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  • 1. MUFON UFO JOURNALNUMBER 180 FEBRUARY 1983Founded1967 $1.50.OFFICIAL PUBLICATION OF JMfCMPOJtf/ MUTUAL UFO NETWORK,INC..Despite claims aboutUFOs, there is noevidence that earth has been visitedbyextraterrestrial life.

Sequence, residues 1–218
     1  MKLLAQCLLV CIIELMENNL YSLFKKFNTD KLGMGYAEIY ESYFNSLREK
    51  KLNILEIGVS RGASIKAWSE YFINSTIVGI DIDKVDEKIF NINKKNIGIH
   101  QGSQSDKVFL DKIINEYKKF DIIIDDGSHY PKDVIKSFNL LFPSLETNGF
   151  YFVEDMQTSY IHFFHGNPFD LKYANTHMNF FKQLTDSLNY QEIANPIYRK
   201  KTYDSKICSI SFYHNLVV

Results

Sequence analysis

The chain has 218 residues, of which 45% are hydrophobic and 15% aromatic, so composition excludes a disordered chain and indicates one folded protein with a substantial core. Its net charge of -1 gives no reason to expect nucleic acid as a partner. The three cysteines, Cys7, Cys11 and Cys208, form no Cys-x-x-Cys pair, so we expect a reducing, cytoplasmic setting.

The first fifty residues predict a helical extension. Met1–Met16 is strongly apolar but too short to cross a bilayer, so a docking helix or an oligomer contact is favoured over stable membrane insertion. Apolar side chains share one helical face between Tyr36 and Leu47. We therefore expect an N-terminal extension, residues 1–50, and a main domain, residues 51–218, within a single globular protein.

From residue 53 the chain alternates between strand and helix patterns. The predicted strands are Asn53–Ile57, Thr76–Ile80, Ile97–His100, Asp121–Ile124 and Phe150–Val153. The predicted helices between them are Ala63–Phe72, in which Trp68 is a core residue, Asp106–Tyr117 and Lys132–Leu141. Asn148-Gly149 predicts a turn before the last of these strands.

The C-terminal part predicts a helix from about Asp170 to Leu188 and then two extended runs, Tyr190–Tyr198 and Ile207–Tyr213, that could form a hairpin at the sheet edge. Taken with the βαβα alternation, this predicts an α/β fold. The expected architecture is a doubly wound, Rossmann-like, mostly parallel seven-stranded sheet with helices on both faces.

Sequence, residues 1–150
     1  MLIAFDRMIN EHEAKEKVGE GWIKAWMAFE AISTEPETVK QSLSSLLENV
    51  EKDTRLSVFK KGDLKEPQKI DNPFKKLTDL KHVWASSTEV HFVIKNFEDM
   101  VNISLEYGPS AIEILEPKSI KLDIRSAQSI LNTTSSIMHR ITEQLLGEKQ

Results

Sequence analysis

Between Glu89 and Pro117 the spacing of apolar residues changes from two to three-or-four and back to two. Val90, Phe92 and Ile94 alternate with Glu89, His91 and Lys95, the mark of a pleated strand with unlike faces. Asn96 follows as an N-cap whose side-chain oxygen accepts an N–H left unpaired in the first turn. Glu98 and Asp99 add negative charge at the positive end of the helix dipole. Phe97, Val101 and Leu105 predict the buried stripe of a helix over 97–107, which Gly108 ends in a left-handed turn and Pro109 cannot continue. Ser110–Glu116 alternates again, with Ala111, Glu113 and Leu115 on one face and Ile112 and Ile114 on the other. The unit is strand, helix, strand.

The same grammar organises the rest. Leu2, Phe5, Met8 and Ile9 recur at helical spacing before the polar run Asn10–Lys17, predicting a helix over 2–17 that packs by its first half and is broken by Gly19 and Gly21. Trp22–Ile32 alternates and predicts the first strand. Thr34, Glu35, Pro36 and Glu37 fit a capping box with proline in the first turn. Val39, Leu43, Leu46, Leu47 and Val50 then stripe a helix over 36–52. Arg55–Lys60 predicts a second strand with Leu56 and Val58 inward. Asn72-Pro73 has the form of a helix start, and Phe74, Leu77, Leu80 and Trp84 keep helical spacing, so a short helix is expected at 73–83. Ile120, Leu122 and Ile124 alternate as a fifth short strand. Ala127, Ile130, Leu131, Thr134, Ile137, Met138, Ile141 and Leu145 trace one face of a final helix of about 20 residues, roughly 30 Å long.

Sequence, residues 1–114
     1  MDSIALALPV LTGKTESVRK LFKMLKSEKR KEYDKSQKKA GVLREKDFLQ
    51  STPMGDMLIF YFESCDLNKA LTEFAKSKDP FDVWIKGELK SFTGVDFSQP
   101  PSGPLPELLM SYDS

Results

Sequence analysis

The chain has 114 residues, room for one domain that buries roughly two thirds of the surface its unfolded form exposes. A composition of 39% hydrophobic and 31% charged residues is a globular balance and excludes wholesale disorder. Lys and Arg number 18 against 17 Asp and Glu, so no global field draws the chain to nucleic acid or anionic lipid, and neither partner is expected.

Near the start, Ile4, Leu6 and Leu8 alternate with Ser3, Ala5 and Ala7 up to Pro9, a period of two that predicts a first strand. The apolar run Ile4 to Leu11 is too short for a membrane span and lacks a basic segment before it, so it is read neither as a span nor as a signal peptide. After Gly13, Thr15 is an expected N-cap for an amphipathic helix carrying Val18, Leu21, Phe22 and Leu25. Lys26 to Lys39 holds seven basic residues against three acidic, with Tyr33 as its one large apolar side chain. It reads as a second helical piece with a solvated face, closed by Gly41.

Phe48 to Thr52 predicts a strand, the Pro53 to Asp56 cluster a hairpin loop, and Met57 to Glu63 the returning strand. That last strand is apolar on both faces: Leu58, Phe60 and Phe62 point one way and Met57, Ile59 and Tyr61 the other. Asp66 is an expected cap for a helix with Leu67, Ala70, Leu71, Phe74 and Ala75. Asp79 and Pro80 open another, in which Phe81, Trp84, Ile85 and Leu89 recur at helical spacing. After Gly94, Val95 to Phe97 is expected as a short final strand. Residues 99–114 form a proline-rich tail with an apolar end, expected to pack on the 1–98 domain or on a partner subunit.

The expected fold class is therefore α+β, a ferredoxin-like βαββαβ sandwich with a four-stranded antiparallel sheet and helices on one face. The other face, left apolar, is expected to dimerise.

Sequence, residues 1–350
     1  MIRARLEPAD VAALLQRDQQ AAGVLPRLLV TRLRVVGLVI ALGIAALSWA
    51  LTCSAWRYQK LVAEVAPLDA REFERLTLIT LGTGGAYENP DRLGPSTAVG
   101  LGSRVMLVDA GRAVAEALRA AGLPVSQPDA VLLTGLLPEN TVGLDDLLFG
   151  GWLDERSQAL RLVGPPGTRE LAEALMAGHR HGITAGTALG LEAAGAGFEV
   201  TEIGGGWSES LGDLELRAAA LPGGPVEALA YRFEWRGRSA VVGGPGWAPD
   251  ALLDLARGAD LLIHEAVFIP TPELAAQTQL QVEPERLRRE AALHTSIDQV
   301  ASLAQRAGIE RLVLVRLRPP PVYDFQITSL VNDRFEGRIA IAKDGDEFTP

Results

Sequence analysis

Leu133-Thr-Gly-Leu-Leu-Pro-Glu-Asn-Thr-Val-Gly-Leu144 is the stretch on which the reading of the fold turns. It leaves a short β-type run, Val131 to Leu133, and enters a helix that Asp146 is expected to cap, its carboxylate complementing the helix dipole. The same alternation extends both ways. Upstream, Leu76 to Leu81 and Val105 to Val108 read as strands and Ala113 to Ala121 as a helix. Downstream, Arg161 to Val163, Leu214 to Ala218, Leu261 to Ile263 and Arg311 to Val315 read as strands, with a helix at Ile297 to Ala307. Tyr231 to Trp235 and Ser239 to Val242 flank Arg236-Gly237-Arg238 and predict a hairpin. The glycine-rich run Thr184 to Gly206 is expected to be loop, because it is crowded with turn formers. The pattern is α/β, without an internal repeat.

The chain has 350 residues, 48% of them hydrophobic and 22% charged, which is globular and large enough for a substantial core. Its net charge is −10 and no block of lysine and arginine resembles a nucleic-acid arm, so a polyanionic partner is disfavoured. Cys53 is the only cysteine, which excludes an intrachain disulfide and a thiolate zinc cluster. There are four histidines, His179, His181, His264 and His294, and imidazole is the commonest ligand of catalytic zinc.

• 2. MUFONUFO JOURNAL(USPS 002-970)103 Oldtowne Rd.Seguin, Texas 78155RICHARD H. HALLEditorANN DRUFFELAssociate EditorLEN STRINGFIELDAssociate EditorMILDRED BIESELEContributing EditorWALTER H. ANDRUSDirector of MUFONTEDBLOECHERDAVE WEBBCo-Chairmen,Humanoid Study GroupPAUL CERNYPromotion/PublicityREV. BARRY DOWNINGReligion and UFOsLUCIUS PARISHBooks/Periodicals/HistoryROSETTA HOLMESPromotion/PublicityGREG LONGStaff WriterTED PHILLIPSLanding Trace CasesJOHN F. SCHUESSLERMedical CasesDENNIS W. STACYStaff WriterROBERT WANDERERColumnistNORMA E.SHORTDWIGHT CONNELLYDENNIS HAUCKEditor/PublishersEmeritusThe MUFON UFO JOURNALispublished by the Mutual UFONetwork, Inc., Seguin, Texas.Membership/Subscription rates:$15.00 per year in the U.S.A.;$16.00 foreign. Copyright 1983 bythe Mutual UFO Network. Secondclass postage paid at Seguin,Texas. POSTMASTER: Send form3579 to advise changeofaddress toThe MUFON UFO JOURNAL,103 Oldtowne Rd., Seguin, Texas78155.FROMTHE EDITORLeaving aside the first definition of "skeptic" from theBrirannica World Language Dictionary (having to do with thedoctrines of religion), a skeptic is defined as "One who refusesconcurrence in generally accepted conclusions in science,philosophy, etc." Thus, those of us who reject the consensus ofScience that UFOs are nonsense are the true skeptics. Where doesthat leave the self-styled skeptics such as members of theCommittee for the Scientific Investigation of Claims of theParanormal (CSICOR)?Judging by the sTarbaby controversy (inwhich CSICOP Boardmembers are caught debunking, rather than holding that theconsensus of science might be wrong), they are the "Defenders ofthe Faith." The sTarbaby constroversy has to do with statisticalarguments that tend to support an "astrological" (horrors!)argument. We hold no brief for astrology, but we do question theintellectual integrity of the CSICOP members who — essentially —set out to destroy the data and defame the researchers involvedThe controversy has been well reported in FATE and in theZETETIC SCHOLAR. It is a sad commentary on the viability ofscience as a mediator of controversial claims.In this issueUFO INSTRUMENT LANDING SYSTEM 3By William D. LeetSCANDINAVIAN "SAUCER SCARE" 7By Anders LiljegrenMENTAL COMMUNICATIONS AND PSYCHOLOGICALDISTURBANCE: PART I . . . . 9By Mark MoravecAUTHORS RESPONSE (With Reply by Robert Wanderer) 15By D. Scott RogoSOUTH AMERICAN MAGAZINE MIMICS U.S. UFO EVENT 16By John F. Schuessler(Plus CALIFORNIA REPORT, p. 12; CRITICS CORNER, p. 14; LETTERS,p. 17; DIRECTORS MESSAGE, p. 20)(Cover cartoon by Staff Artist Brian Parks)The Mutual UFO Network, Inc. is exempt from Federal Income Tax underSection 501(c)(3) of the Internal Revenue Code. MUFON is a publiclysupported organization of the type described in Section 509(a)(2). Donorsmay deduct contributions from their Federal income tax. In addition,bequests, legacies, devises, transfers, or gifts are deductible for Federalestate and gift tax purposes if they meet the applicable provisions ofSections 2055, 2106, and 2522 of the code.The contents of the MUFONUFO JOURNAL are determined by the editor,and donot necessarily represent the official position of MUFON. Opinions ofcontributorsare their own, and do not necessarily reflect those of the editor, the staff, or MUFON.Articles may be forwardeddirectly to MUFON.Responses to publishedarticles maybe in a Letter to the Editor (up to about 400words) or ina short article (up to about2,000 words). Thereafter, the "50% rule" is applied: the article author may reply butwill be allowed half the wordage used in the response; the responder may answer theauthor but will be allowed half the wordage used in the authors reply, etc. Allsubmissions are subject to editing for style, clarity, and conciseness.Permission is hereby granted to quote from this issue provided not more than 200words are quoted from any one article, the author ofthe articleisgivencredit, and thestatement "Copyright 1983 by the MutualUFO Network, 103 Oldtowne Rd.,Seguin,Texas" is included.